Deep pockets and a five-year lead time are keeping Qatar’s dream of hosting soccer’s 2022 World Cup from turning into a boycott-battered nightmare.
A four-nation embargo led by Saudi Arabia has cut off Qatar construction materials it was counting on to build at least eight stadiums, lay dozens of miles of rail work and erect a brand new city before the world’s most-watched sporting event. But as the diplomatic and commercial boycott approaches its third month, the gas-rich nation says it is casting further abroad and laying out more cash than planned to replace suppliers that live next door.
Malaysian steel is replacing Saudi. Oman will provide materials originally ordered from the U.A.E., they say. China is stepping into the breach with dozens of products, and even Qatar is suddenly erecting facilities to build bleachers. Some suppliers from boycotting nations are rerouting shipments through Omani ports.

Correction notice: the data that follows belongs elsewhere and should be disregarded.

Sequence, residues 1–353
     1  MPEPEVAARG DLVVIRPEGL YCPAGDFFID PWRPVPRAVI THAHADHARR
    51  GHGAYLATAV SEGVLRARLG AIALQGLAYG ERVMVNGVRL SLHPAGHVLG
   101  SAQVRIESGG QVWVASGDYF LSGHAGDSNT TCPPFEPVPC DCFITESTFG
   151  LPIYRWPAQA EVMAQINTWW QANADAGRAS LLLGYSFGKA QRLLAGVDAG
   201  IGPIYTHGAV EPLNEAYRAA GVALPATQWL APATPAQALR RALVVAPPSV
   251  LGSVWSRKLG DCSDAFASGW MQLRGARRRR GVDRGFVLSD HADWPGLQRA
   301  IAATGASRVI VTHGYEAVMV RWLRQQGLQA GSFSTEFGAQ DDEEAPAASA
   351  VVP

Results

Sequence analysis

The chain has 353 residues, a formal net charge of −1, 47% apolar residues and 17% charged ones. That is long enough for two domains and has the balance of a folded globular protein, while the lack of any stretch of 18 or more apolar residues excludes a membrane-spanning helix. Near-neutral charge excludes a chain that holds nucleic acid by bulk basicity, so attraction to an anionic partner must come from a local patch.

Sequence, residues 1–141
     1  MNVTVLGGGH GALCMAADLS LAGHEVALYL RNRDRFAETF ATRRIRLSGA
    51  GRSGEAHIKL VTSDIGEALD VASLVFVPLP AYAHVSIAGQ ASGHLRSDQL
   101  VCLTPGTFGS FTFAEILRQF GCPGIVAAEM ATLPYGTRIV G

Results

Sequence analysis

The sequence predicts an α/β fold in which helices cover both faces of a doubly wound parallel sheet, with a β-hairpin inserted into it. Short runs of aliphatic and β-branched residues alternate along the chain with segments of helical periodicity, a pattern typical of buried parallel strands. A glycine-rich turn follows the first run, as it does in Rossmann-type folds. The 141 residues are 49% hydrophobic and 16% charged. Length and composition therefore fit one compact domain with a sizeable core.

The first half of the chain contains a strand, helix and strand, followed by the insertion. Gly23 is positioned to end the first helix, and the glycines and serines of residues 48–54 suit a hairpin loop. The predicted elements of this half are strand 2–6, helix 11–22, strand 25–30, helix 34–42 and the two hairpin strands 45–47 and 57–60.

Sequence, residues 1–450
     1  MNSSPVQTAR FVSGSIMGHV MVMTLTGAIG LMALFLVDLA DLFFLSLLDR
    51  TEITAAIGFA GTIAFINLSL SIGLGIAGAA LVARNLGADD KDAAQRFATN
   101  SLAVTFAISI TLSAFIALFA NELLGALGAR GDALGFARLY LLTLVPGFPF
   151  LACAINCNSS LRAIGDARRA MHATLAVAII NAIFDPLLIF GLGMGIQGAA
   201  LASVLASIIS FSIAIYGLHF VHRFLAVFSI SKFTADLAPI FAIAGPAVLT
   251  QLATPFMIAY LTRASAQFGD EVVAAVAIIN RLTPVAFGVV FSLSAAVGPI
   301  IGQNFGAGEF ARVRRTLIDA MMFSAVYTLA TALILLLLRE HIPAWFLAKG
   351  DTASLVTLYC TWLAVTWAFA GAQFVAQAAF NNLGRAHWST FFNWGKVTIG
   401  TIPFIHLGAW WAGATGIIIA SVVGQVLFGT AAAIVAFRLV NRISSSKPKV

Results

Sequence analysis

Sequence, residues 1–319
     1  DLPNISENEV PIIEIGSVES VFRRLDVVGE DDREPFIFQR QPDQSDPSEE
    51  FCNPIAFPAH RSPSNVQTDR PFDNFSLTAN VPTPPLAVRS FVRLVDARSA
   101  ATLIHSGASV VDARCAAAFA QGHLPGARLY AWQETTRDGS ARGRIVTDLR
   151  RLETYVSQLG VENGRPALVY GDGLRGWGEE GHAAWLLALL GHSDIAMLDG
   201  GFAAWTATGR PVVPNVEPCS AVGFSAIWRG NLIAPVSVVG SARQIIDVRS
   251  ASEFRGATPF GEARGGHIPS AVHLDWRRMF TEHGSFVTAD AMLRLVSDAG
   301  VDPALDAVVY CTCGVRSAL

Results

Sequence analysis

“For every challenge that we face, there are solutions that keep popping up,” Secretary General of the Qatar World Cup Supreme Committee for Delivery & Legacy Hassan Al-Thawadi said in an interview in Doha. “We are working with our contractors to make sure we actually deliver long-term supply chain solutions and alternatives.” Neither he nor analysts ventured estimates for the cost overruns.
The outsize tab will be paid for courtesy of vast natural gas reserves that allow Qatar’s 2.6 million residents to enjoy the world’s highest per-capita income. It is that energy wealth — plus more than $335 billion worth of assets around the globe — that’s also allowed it to stand firm in its standoff with the Saudi-led alliance. The bloc on Sunday reiterated a list of 13 demands it wants Qatar to meet before talks to resolve the rift could start.
Even before the boycott tacked on costs, Qatar had committed $200 billion to build new stadiums, a $35 billion metro and rail system, and a new city…